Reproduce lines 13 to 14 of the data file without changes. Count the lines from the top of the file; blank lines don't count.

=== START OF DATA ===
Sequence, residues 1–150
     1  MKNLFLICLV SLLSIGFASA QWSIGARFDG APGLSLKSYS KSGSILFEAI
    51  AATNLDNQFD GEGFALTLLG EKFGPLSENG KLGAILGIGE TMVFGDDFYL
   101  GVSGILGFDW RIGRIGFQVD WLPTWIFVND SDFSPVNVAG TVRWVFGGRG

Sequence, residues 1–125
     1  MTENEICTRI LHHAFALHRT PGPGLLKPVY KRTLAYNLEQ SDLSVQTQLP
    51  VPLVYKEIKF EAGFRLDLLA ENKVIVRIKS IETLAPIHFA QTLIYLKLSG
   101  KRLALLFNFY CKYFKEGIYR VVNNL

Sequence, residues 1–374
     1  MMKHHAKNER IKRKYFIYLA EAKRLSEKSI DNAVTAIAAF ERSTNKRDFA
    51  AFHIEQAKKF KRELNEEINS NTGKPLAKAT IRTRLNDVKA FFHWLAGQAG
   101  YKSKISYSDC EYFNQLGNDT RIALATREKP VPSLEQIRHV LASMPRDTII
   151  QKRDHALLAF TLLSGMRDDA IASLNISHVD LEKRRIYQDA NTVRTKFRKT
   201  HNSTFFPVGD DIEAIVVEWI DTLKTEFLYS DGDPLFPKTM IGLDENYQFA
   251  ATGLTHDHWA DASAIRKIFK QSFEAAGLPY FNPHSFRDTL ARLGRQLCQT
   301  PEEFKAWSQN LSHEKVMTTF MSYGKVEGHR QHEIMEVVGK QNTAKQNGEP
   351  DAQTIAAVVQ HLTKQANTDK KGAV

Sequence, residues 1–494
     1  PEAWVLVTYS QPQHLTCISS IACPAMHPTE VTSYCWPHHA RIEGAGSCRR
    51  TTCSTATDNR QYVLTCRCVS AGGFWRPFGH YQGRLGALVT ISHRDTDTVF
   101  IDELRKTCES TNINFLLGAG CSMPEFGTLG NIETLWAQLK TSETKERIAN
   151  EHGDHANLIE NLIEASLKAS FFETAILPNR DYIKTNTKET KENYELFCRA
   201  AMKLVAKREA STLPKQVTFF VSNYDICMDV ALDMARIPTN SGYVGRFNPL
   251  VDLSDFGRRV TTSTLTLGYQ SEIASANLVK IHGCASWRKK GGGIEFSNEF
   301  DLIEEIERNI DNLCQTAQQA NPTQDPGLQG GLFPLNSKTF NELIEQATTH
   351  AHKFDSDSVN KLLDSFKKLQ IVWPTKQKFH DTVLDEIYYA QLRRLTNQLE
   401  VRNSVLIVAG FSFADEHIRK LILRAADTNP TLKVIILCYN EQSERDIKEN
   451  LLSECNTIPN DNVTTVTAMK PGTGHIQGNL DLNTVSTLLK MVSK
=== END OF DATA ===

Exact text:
   151  QKRDHALLAF TLLSGMRDDA IASLNISHVD LEKRRIYQDA NTVRTKFRKT
   201  HNSTFFPVGD DIEAIVVEWI DTLKTEFLYS DGDPLFPKTM IGLDENYQFA